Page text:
Having said all this, whilst there may be a qualitative difference between London and some northern British towns and the city of New York, the argument that there are no ghettos, nor processes of ghettoization in London, is not tenable. Processes of ghettoization have always been at play in London. In 1712, Joseph Addison writing in The Spectator, suggested the different parts of the city had come to be colonised by wholly different nations: “the inhabitants of St. James’s, notwithstanding they live under the same laws, and speak the same language, are a distinct people from those of Cheapside, who are likewise removed from those of the Temple on the one side, and those of Smithfield on the other, by several climates and degrees in their way of thinking and conversing”. But again, perhaps Addison is referring to ghettos of class and profession, rather than ethnicity, religion and birthplace. In the eighteenth and nineteenth century, a modest population of Black people, come as slaves from the United States, or had who were given sanctuary in London following their participation in the Seven Years War and the American War, were said to have lived in the relatively poor parishes of the East End; in the nineteenth century a small, well defined community existed at Canning Town just north of the docks.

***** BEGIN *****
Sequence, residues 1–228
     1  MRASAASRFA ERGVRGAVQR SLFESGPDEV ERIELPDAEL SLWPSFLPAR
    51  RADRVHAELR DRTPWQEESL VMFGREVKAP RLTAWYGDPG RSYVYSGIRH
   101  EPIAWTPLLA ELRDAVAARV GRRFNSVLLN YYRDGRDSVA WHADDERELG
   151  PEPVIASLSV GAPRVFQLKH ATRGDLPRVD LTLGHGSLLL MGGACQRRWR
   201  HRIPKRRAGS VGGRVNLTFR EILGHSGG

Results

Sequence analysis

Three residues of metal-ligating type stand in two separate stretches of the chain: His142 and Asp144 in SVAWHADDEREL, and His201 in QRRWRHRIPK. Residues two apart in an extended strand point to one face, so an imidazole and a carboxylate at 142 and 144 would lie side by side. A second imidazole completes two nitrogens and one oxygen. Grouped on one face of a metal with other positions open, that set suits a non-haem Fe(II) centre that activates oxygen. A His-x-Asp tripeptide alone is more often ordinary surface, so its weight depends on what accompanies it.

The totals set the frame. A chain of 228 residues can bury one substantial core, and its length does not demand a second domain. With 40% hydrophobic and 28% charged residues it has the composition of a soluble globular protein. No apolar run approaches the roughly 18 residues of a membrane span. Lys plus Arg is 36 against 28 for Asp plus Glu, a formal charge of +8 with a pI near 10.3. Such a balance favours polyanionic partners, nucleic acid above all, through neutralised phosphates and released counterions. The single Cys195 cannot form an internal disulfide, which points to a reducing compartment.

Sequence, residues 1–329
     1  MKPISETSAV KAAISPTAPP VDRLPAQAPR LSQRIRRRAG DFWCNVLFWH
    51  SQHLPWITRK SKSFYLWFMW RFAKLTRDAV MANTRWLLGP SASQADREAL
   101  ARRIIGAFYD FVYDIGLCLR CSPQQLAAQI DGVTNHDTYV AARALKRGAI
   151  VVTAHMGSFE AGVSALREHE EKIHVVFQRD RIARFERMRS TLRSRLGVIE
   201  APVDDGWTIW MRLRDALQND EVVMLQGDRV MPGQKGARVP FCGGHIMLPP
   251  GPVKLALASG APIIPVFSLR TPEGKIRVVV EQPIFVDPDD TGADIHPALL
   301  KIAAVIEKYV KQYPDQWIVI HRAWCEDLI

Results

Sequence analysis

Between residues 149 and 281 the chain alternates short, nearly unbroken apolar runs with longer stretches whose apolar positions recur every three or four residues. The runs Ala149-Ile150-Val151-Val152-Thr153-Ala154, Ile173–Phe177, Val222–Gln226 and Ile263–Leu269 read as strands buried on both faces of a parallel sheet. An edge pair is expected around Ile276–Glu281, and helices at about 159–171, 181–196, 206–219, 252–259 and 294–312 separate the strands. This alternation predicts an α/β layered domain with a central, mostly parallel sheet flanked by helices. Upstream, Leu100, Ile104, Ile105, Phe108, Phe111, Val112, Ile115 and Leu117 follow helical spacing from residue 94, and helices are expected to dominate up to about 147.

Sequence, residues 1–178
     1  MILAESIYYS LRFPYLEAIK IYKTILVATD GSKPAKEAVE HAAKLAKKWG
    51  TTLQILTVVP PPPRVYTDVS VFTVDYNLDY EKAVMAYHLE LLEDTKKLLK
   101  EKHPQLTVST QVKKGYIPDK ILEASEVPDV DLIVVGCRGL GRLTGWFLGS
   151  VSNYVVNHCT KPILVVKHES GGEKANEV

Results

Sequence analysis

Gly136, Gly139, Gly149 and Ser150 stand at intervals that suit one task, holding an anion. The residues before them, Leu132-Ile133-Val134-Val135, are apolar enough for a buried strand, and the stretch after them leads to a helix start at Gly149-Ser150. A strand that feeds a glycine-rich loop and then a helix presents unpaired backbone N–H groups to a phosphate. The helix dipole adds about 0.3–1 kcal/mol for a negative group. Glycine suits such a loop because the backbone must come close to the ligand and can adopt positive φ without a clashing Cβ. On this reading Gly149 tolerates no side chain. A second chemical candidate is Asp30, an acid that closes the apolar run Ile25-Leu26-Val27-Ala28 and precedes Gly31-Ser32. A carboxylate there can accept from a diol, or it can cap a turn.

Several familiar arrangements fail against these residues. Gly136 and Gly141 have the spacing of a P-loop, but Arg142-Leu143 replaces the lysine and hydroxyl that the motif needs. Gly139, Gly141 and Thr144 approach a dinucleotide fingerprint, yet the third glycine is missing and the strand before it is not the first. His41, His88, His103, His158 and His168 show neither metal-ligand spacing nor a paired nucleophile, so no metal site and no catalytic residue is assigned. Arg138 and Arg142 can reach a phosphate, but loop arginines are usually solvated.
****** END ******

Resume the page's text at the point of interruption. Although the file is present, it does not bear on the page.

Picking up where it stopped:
Further, now in the twenty-first century, some areas of London are clearly developing large populations of one kind of ethnic minority or another. Shadwell and Poplar in East London have a large population of Bengalis, diminutive people, who are marked out from their more westernised neighbours by the numerous women that walk along the streets dressed in hijabs and burkas. In recent years aggressive youths, claiming Tower Hamlets to be some kind of Muslim land have physically and verbally harassed and intimidated anyone who looks to be breaking with what they consider to be Sharia Law.
Furthermore irrespective of whether there are geographic ghettoes in London there are undoubtedly psychological ghettos, whereby people of a given provenance tend to stick together and communicate uniquely with one another. I have heard stories of Bengali women, who have lived in the UK for over a decade but who have yet to learn a word of English, because they have yet to need to, which in part, is a reflection of the control that Bengali men exercise over their life, their inability to be able to venture into any sphere of life beyond the domestic, and possibly their lack of confidence and education. The Spanish are well known for congregating with other Spaniards, the Iberian climate promotes a more outward and gregarious manner in the Spanish, which means new arrivals to London find it difficult to bond with foreigners but very easy to bond with other Spaniards and similarly minded outgoing types. There are countless ethnic groups in London, which have their own radio station. For example there is a Greek radio station that is run from some second floor terrace just off the North Circular, and recently a new French London radio station was launched via the Internet. These psychological ghettos have been made possible by the critical mass of immigrant groups in London, public transport, which allows birds of a feather to flock together, and the internet, mobile phone and satellite television which allows compatriots to maintain a cultural and information bond with the homeland, their mother tongue and each other in London.